For most purposes in differential geometry one needs to work with a regular curve, which is a parametrized smooth curve whose velocity, i.e. the derivative with respect to the parameter, is never zero. For example, this is important if one wants to split curve into segments which have no self-intersections, which is important.
In the foundations of differential topology, it is possible to define a tangent vector as an equivalence class of smooth curves at a given point in the image of the curve, effectively identifying a curve with its derivative at (say) .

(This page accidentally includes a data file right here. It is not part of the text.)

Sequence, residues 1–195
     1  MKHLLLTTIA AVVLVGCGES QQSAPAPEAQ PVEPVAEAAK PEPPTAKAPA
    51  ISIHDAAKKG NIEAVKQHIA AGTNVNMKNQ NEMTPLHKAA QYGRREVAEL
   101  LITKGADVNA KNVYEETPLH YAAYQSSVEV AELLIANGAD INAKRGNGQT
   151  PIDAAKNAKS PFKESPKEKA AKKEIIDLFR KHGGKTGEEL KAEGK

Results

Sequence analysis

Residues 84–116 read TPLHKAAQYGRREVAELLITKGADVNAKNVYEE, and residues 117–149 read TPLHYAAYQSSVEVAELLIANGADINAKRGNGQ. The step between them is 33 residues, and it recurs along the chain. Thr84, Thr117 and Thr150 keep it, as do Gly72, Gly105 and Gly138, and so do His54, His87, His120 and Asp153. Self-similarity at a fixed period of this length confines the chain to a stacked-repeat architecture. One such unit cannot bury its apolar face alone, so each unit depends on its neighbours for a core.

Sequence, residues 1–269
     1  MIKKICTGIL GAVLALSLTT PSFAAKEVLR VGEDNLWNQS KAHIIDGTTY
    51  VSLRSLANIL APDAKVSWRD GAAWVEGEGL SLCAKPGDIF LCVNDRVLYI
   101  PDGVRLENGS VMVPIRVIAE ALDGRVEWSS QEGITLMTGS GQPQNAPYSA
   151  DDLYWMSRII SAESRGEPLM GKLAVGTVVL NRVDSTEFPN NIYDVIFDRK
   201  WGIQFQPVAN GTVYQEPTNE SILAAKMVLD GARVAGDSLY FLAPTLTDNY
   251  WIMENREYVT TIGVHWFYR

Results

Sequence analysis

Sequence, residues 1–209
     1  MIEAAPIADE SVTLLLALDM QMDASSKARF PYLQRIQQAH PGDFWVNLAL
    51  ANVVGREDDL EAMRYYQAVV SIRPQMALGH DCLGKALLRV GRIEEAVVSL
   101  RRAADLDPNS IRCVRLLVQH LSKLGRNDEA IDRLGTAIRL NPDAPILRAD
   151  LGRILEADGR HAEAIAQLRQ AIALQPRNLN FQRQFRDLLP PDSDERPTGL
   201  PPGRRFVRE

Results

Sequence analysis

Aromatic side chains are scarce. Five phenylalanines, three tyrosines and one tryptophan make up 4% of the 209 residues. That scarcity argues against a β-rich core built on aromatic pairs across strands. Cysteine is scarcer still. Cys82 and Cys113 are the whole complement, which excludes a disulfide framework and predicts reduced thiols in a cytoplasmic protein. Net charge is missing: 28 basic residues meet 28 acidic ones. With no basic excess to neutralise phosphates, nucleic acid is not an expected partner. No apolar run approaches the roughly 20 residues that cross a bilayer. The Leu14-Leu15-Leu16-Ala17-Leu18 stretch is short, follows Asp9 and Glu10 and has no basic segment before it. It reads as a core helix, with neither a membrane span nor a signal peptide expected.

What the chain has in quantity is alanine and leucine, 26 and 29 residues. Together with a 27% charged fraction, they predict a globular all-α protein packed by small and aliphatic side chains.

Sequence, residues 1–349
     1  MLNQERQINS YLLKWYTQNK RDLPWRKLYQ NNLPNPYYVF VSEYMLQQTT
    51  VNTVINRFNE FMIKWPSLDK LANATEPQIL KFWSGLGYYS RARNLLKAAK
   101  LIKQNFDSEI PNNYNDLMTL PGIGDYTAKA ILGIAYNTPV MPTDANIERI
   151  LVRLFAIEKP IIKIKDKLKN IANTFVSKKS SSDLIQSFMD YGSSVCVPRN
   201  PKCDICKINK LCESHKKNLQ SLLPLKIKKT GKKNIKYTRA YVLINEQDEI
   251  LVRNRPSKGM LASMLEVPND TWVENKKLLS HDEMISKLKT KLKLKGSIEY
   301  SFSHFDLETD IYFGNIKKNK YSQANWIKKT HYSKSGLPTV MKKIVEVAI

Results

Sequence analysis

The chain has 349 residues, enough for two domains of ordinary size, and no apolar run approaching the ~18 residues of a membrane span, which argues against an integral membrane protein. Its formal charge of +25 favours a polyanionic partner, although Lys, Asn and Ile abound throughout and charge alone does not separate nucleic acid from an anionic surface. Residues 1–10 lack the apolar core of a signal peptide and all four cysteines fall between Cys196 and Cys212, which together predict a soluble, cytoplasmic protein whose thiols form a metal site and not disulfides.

See also the fundamental theorem of differential geometry of curves?.
An example: elliptic curve.
Examples of sequences of local structures
|geometry||point||first order infinitesimal||formal = arbitrary order infinitesimal||local = stalkwise||finite|
|smooth functions||derivative||Taylor series||germ||smooth function|
|curve (path)||tangent vector||jet||germ of curve||curve|
|smooth space||infinitesimal neighbourhood||formal neighbourhood||open neighbourhood|
|function algebra||square-0 ring extension||nilpotent ring extension/formal completion||ring extension|
|arithmetic geometry||finite field||p-adic integers||localization at (p)||integers|
|Lie theory||Lie algebra||formal group||local Lie group||Lie group|
|symplectic geometry||Poisson manifold||formal deformation quantization||local strict deformation quantization||strict deformation quantization|